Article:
Episode 149 — Terry Tempest Williams

   

Terry Tempest Williams is the guest. She is the author of several books, including the environmental literature classic, Refuge: An Unnatural History of Family and Place. Her latest book is called When Women Were Birds: Fifty-Four Variations on Voice.  It was published in hardcover by Farrar, Straus, & Giroux in 2012, and the paperback edition is due out from Picador on February 26, 2013.

Susan Salter Reynolds, writing for The Daily Beast, says

Williams is the kind of writer who makes a reader feel that [her] voice might also, one day, be heard….She cancels out isolation: Connections are woven as you sit in your chair reading—between you and the place you live, between you and other readers, you and the writer. Without knowing how it happened, your sense of home is deepened.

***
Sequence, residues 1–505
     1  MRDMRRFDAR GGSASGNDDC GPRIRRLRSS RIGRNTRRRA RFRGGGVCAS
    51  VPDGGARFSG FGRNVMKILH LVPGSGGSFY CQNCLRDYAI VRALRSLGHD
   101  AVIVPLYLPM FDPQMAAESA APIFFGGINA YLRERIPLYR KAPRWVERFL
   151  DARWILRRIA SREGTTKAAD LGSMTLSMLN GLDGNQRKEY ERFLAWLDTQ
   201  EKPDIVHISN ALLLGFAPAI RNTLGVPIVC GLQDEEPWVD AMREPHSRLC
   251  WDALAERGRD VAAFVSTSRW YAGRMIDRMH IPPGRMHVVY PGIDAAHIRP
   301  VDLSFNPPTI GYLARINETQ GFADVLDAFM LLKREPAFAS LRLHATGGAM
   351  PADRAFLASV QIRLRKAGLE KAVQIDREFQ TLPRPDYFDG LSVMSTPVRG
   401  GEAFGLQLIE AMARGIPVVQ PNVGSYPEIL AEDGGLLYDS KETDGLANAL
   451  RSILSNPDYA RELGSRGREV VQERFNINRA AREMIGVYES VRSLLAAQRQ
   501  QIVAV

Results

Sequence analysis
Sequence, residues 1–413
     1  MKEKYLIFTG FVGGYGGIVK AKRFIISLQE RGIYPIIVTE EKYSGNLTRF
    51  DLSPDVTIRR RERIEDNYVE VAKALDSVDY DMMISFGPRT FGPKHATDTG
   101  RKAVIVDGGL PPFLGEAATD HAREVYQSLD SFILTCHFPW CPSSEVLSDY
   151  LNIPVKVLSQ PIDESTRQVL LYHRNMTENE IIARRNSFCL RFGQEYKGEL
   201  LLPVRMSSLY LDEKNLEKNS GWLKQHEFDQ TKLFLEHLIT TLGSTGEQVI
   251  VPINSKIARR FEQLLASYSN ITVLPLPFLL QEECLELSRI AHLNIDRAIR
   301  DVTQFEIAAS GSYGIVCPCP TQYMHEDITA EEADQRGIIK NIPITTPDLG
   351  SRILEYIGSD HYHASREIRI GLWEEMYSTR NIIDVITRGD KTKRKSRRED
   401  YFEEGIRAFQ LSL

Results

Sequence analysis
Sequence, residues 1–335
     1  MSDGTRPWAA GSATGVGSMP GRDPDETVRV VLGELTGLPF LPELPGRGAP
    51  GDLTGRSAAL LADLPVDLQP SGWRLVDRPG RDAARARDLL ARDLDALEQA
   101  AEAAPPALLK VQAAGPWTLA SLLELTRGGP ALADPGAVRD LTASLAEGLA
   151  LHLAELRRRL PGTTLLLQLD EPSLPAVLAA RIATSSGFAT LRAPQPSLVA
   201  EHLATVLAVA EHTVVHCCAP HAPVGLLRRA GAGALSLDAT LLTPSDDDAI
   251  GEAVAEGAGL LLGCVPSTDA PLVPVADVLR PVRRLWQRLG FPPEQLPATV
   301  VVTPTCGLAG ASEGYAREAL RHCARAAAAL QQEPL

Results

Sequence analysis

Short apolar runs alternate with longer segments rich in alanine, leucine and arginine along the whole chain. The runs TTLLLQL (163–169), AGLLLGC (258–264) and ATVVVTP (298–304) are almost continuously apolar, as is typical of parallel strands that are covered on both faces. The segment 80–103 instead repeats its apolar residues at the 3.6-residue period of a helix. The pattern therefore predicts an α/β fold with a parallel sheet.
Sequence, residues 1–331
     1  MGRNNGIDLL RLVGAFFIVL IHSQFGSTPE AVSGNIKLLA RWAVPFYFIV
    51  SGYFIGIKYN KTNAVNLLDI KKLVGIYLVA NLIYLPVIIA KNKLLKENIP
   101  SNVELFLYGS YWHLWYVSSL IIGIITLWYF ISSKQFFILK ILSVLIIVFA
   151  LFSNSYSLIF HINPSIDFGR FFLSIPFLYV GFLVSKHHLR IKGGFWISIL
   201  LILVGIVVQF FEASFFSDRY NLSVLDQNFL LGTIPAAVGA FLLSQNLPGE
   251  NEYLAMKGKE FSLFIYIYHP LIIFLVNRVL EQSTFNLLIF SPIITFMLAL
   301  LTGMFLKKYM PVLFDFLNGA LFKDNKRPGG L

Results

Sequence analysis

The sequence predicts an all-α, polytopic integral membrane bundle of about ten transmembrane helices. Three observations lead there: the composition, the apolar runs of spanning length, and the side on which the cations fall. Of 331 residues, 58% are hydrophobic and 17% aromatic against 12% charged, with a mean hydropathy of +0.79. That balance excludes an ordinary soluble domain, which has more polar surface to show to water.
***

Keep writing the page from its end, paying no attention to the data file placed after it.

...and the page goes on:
And The San Francisco Chronicle raves

Williams displays a Whitmanesque embrace of the world and its contradictions….As the pages accumulate, her voice grows in majesty and power until it become a full-fledged aria.

Monologue topics: media diet, news, minimum wage, operating, ambition, fear, power, nausea, juice, scams, beautiful crazy people.

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